Do Formal Salary Systems Really Matter?

Posted: 3 Oct 2004

See all articles by Michael Gibbs

Michael Gibbs

University of Chicago Booth School of Business; Institute for the Study of Labor (IZA)

Wallace E. Hendricks

University of Illinois at Urbana-Champaign - Department of Finance

Abstract

Drawing on a single large U.S. corporation's personnel records for the years 1989-93, the authors analyze an example of the kind of formal salary system used by most large firms. They find that this firm's practices were consistent with most of the important conclusions of prior empirical research on internal labor markets. The system was highly centralized, covering salary levels, salary ranges, raises, and bonuses. Supervisors had little discretion over pay other than through subjective performance ratings. The firm held fairly strictly to the salary rules, leading to observable constraints on pay for employees near the top of the salary range. These constraints, however, apparently did not impose important costs on the firm in the form of increased turnover. Although the system operated without any apparent connection to external factors, the authors conclude that it transmitted external labor market forces with little distortion.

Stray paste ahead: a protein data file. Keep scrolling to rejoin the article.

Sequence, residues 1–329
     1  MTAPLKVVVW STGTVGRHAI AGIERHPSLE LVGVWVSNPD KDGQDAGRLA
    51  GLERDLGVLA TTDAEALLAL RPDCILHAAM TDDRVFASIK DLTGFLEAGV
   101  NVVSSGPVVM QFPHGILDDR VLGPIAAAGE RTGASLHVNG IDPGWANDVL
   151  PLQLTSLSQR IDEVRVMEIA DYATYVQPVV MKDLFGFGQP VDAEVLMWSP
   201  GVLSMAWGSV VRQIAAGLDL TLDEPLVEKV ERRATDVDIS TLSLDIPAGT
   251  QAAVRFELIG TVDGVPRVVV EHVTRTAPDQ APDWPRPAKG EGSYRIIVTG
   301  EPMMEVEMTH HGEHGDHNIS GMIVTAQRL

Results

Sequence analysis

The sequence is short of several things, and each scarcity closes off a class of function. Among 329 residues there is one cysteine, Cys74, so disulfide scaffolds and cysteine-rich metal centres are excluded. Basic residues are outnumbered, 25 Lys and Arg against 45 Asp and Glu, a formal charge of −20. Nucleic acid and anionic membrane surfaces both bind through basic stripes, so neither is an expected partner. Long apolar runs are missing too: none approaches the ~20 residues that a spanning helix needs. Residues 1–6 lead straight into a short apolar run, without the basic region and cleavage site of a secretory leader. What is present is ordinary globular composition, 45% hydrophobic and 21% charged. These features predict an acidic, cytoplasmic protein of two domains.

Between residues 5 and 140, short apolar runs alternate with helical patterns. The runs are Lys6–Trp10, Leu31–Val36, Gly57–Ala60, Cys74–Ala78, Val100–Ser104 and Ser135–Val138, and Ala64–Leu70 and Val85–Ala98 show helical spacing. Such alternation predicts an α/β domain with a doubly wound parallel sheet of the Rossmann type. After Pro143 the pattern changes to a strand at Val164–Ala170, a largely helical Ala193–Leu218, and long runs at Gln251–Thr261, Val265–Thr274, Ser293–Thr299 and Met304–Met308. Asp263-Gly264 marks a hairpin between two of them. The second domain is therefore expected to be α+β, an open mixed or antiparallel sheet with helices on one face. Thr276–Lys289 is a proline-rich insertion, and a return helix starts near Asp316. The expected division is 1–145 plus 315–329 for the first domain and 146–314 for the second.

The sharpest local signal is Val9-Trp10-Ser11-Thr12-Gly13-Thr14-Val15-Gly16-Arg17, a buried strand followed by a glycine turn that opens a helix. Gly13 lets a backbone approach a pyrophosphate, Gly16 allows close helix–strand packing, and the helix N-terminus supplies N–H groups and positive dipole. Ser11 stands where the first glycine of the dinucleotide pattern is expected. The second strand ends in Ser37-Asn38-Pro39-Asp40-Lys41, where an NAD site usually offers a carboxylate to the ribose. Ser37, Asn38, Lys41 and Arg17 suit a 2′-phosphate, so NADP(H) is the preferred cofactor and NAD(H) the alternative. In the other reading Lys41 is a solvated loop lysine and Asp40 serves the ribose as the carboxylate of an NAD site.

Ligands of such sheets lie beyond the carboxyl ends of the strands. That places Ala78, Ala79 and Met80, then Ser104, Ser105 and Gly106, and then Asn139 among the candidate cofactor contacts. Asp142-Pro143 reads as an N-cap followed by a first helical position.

Keywords: Formal salary systems, internal labor markets

JEL Classification: J31, J33

Suggested Citation

Gibbs, Michael and Hendricks, Wallace Edward, Do Formal Salary Systems Really Matter?. Available at SSRN: https://ssrn.com/abstract=598374

Michael Gibbs (Contact Author)

University of Chicago Booth School of Business ( email )

5807 S. Woodlawn Avenue
Chicago, IL 60637
United States

Institute for the Study of Labor (IZA)

P.O. Box 7240
Bonn, D-53072
Germany

Wallace Edward Hendricks

University of Illinois at Urbana-Champaign - Department of Finance ( email )

219 LIR Building, MC-504
Urbana, IL 61801
United States
217-333-6028 (Phone)
217-333-6028 (Fax)

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